The multiplayer mode carries some of its own quirks, though. I could hardly find any multiplayer matches to join at first, and when I tried, joining often failed. As time has gone on, match joining has become more successful, but sometimes they’ll fail partway through – quite frustrating after piling in a bunch of turns. There’s a lot of potential here, but it’s going to require some bug fixing (fortunately, a glance at the forums shows that many fixes are in the works, and some are already implemented).

VERDICT: Battle Worlds: Kronos is a game with its heart in the right place, but it’s difficult to enjoy. Attractive presentation and intriguing strategic elements are present, but the hours of campaign gameplay are largely fluffed by an extreme level of difficulty – and that’s thanks to a ridiculous number of enemies in lieu of smart AI. If the multiplayer modes are smoothed over, they could carry the game on their own. But today, the thirteen campaign missions are a tough sell with a $34.99 asking price. Developer attention is intact so keep an eye out for updates on this title, but it’s difficult to recommend in its current state for anyone but the most ardent strategy fan.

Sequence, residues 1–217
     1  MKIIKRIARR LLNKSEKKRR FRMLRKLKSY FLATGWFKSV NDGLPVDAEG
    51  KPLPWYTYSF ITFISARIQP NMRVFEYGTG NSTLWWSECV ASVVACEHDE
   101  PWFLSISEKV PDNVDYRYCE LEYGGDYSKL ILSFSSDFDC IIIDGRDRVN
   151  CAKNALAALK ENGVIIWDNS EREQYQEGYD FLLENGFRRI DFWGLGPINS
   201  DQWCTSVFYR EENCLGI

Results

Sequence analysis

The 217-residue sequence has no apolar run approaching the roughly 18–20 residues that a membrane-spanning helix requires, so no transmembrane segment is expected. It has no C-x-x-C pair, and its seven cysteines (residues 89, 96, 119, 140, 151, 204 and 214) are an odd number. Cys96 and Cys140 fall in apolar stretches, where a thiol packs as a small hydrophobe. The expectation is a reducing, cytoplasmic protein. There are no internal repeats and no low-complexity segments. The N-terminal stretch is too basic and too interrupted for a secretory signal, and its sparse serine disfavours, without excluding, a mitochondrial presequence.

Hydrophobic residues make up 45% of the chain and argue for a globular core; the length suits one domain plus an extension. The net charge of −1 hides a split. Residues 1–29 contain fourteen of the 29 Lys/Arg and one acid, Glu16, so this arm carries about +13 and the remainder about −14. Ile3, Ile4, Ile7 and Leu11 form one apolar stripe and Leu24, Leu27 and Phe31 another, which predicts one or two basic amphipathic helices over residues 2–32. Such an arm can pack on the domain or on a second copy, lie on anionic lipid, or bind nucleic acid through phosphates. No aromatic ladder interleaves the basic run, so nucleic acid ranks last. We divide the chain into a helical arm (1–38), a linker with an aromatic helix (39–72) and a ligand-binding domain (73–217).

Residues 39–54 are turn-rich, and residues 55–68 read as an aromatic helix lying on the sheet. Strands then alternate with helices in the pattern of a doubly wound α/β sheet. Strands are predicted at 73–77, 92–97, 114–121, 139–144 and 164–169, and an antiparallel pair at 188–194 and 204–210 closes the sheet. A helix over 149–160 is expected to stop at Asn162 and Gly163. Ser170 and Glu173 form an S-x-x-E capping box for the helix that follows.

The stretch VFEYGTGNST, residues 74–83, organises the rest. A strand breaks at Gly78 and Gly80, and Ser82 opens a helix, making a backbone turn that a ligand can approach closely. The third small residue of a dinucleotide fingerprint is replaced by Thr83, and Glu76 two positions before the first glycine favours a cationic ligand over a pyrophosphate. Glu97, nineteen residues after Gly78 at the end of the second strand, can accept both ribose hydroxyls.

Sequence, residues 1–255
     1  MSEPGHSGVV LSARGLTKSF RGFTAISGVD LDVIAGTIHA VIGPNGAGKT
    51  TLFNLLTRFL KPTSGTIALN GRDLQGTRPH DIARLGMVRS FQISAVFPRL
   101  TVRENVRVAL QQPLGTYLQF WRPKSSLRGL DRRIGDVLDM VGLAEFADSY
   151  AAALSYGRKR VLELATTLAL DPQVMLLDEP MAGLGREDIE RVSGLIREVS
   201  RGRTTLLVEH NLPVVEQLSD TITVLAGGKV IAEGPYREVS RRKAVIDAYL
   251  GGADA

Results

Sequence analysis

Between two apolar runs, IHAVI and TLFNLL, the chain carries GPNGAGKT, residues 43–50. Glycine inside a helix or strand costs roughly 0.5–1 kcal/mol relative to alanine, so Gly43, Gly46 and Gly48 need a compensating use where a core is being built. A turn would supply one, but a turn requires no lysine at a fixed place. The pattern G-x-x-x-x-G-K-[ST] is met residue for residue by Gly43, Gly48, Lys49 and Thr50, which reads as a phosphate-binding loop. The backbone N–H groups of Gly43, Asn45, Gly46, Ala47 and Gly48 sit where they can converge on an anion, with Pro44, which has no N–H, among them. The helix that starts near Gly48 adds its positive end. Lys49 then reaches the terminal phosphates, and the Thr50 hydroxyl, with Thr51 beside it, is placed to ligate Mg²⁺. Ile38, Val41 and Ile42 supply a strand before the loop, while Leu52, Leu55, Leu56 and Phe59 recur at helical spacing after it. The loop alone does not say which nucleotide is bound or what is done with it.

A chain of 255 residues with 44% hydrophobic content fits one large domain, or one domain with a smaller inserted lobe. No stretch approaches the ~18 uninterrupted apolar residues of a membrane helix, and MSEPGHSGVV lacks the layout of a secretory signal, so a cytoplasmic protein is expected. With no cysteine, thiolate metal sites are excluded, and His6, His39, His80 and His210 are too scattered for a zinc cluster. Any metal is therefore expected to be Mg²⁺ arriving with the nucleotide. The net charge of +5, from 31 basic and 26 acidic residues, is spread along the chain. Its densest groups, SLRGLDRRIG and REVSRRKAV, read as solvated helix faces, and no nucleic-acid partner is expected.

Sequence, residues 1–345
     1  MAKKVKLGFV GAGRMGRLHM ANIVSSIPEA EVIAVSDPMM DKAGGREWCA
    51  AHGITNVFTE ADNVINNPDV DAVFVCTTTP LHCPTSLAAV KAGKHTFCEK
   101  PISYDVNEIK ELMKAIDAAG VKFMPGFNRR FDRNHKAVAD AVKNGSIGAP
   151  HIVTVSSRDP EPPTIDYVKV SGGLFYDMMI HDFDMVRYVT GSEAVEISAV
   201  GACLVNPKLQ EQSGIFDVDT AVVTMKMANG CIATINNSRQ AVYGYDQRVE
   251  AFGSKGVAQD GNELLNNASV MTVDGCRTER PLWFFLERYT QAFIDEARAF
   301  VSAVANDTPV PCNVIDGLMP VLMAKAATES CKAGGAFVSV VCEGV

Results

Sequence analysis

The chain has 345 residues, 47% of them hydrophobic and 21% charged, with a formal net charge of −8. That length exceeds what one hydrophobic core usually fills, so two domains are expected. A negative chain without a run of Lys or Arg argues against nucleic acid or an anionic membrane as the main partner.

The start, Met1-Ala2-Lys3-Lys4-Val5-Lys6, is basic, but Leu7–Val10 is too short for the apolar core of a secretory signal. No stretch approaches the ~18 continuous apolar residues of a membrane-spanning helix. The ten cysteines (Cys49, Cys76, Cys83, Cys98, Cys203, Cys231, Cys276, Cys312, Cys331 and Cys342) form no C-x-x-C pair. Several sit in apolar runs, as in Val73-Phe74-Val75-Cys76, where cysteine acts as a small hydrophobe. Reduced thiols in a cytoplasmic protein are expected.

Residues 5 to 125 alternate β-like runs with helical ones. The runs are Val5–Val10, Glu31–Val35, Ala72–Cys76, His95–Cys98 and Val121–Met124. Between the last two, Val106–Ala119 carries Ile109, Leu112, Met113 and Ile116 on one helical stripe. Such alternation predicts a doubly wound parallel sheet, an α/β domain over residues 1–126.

DECENT. A 6/10 indicates that, while this game could be much better, it still has a fair amount to offer the player. It might be an interesting title sabotaged by its own ambition, or a game denied greater praise by some questionable design choices. Don’t avoid it outright, but approach it with caution.

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Review code supplied by publisher.